CLOSE-IN: The sun seems to have set on Ranji Trophy

June 28, 2022

By Yajurvindra Singh

The Ranji Trophy used to be the premier Indian tournament that every Indian cricketer aspired for. It was in the 1934/35 season when it was introduced to replace the religious format of the Pentangular.

The Ranji Trophy had the patronage of the Royal Houses of Holkar, Nawanagar, Baroda, Patiala, Vizianagaram and Gwalior, each one as involved as the present IPL franchise owners. The rivalry between them was what brought in professional cricketers and jobs for players. Major states such as Bombay, Maharashtra, Bengal, Hyderabad, Madras and Mysore were also a part of the tournament, with many of their players having lucrative jobs in these big cities.

The Ranji Trophy grew in status and success for players who were in it as it gave one the platform for selection into the national side.

Unfortunately, the popularity of the limited-overs cricket format has made the national tournaments in all the major cricketing countries into a ritual that has to just be performed and completed.

The English county cricket and Sheffield Shield in Australia were the two important cricket leagues which boasted of top International players from every corner of the cricketing world. Both these and the Ranji Trophy in India are like the setting sun, wherein, gradually the light is fading on their existence.

Once the sheen of its importance dwindles, young cricketers may not find it aspirational to play in them.

The Ranji final being played in Bangalore between Mumbai and Madhya Pradesh is a good example of how the tournament is perceived. The final match is being played without DRS or the fanfare that goes with it to brand it as a big tournament. One feels the step-motherly treatment is very evident to one and all. Officials who thronged the IPL final were not visible during what can be termed as the biggest domestic tournament of the country.

The Covid-19 epidemic did disrupt the BCCI hosting the tournament last year and the BCCI had to make a major alteration in the format this year. However, one was aware of the date of the pending Test match to be played against England in England and therefore, it would have been appropriate if India’s national players could have participated in it at some stage or the other.

A Mumbai Ranji squad with Rohit Sharma, Shreyas Iyer, Suryakumar Yadav and Shardul Thakur would have been an entirely different cup of tea for most opponents. A domestic cricketer will only improve playing against and with the best and this seems to be a farfetched wish in the present scenario.

In the years gone by, India capped players who would make it a point to play even if they could play just one match for their home association. They felt obliged to do so as, apart from their state association, helping them to achieve their dream, for them to play cricket alongside their buddies was an important factor too.

One was as proud to play for one’s state side as much was to play for the country. This emotional attachment, one feels, is not present in the cricketers today. Apart from Sarfaraz Khan, whose performance for Mumbai in the last two editions of the Ranji Trophy has been remarkable, none of the other performers will see the light of day to be considered for national duty.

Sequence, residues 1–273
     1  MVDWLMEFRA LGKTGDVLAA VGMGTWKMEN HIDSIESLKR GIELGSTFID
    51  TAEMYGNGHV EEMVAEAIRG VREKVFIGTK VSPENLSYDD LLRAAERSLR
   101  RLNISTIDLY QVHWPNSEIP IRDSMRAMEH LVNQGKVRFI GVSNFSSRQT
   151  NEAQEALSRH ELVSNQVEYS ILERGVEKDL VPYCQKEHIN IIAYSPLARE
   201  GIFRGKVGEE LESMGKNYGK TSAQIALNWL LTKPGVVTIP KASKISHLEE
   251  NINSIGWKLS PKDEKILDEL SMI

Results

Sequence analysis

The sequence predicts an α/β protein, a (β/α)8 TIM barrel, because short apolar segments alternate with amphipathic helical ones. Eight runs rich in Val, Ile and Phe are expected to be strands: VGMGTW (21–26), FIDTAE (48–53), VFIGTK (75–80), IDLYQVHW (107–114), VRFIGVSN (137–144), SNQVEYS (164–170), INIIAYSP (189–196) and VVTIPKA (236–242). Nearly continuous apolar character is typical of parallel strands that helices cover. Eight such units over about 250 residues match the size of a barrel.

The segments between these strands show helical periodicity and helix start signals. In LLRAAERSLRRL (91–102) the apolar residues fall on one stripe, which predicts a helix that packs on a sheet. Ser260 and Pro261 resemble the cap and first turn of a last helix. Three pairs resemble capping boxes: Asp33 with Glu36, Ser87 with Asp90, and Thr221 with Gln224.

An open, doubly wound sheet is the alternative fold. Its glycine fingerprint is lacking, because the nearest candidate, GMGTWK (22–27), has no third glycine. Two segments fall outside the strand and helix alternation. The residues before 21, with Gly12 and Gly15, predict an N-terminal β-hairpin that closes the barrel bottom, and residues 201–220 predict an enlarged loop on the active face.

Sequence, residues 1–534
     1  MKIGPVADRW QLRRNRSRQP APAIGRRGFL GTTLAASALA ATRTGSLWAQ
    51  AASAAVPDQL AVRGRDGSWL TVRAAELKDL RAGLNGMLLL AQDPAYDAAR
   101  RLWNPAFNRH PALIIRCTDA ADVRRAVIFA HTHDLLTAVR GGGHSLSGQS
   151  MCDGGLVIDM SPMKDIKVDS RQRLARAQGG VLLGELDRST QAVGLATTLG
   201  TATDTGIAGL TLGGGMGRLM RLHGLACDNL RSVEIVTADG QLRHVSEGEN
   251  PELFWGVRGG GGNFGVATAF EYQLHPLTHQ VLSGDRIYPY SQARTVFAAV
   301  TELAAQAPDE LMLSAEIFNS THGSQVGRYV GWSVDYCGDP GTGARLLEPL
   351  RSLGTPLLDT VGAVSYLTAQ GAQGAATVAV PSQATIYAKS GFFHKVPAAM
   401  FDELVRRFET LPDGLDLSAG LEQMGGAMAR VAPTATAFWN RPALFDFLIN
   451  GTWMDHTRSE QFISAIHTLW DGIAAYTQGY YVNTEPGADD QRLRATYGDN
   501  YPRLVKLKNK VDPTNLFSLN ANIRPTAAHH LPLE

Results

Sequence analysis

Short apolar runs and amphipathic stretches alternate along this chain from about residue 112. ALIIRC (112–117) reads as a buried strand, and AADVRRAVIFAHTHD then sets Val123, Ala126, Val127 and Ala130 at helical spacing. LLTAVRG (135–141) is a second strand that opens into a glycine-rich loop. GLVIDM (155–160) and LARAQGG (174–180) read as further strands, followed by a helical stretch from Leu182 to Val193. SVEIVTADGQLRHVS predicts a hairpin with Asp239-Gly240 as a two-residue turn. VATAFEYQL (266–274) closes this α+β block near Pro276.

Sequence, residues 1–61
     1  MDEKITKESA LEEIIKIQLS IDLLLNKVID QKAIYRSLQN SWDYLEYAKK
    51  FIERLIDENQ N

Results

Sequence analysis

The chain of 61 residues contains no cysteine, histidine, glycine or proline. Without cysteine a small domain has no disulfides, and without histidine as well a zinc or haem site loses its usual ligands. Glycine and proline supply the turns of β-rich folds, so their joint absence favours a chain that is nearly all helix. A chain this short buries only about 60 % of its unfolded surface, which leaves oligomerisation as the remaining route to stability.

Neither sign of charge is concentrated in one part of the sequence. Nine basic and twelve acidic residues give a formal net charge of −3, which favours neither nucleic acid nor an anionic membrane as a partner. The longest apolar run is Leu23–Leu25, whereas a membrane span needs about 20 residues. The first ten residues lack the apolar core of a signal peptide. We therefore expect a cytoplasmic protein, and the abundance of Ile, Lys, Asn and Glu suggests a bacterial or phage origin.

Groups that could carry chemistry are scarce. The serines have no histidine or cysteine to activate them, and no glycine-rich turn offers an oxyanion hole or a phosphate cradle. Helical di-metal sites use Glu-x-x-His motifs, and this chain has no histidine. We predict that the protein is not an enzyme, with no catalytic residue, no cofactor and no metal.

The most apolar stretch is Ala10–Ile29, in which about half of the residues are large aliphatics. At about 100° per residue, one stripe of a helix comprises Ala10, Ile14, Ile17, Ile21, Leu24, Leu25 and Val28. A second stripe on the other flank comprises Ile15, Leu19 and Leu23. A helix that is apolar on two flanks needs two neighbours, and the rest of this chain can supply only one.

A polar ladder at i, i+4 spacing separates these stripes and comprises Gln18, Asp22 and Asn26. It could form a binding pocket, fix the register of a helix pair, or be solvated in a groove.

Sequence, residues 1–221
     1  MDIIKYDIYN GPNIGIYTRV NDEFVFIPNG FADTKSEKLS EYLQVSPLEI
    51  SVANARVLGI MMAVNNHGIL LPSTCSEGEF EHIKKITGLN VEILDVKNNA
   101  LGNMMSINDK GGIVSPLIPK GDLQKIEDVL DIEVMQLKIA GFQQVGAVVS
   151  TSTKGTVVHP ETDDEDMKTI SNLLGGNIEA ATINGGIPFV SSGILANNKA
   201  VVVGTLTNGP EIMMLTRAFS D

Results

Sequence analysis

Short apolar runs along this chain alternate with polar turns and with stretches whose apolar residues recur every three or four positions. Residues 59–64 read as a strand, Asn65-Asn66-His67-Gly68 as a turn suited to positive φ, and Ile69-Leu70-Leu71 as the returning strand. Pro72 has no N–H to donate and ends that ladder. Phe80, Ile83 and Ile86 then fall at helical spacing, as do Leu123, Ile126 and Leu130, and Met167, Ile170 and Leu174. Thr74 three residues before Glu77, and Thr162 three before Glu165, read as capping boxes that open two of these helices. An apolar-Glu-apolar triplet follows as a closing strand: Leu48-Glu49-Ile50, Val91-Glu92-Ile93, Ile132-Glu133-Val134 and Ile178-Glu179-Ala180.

Sarfaraz will most likely be a part of the Indian squad against Bangladesh. However, for him to get into the playing eleven would be very difficult. The reason being that the present Test side will be playing just one match, and to drop any of them is highly unlikely, even if they fail. Apart from this, KL Rahul would be back in the side and one may see a sterling performance from players in the limited-overs game, who will get preference over Yash Dubey, Shubham Sharma and Rajat Patidar. These are players who have toiled and done well in the Ranji Trophy for Madhya Pradesh.

The performances in the IPL have become a major benchmark to get recognised for selection into the Indian team. The Duleep trophy has already lost its importance and so has the Irani Trophy.

The BCCI needs to champion the importance of Ranji Trophy, and the only way to do so is to ensure that the national-level players play in it.

The tournament requires an infusion of a complete out-of-the-box thinking to revive it. The IPL has proven successful with International players being a part of it; maybe an international presence to it could be one way to take it forward.

One is amused to see the graphics which were being put up on performances during the final. Most were unaware that till the 80s, the majority of the teams played only four First-class matches during the season. This was because apart from the top state sides who qualified for the knockouts, the rest were actually put to rest if they did not qualify.

Most of the matches were played on matting wickets and the point system for the three-day game did not give one the luxury of playing a long inning. The side batting first had to declare before lunch on the second day or else they would not be able to get the maximum points to enable them to qualify. The outfields were at most places barren land which was watered and rolled to even the surface.

This is what made the Ranji Trophy exciting with thousands of people watching matches on temporary wooden stands. A good performance was greeted with spectators running in to give small change as appreciation. Those coins were very valuable as it helped one in getting a ticket into the cinema house for a few of ones colleagues and a snack as a treat for them.

Good performances in India’s prestigious Ranji Trophy was the first step to playing higher cricket. That was when the tournament was like a rising sun. One hopes that the glitter comes back to it or else it will be like the setting sun very soon.

(Yajurvindra Singh is a former India cricketer)



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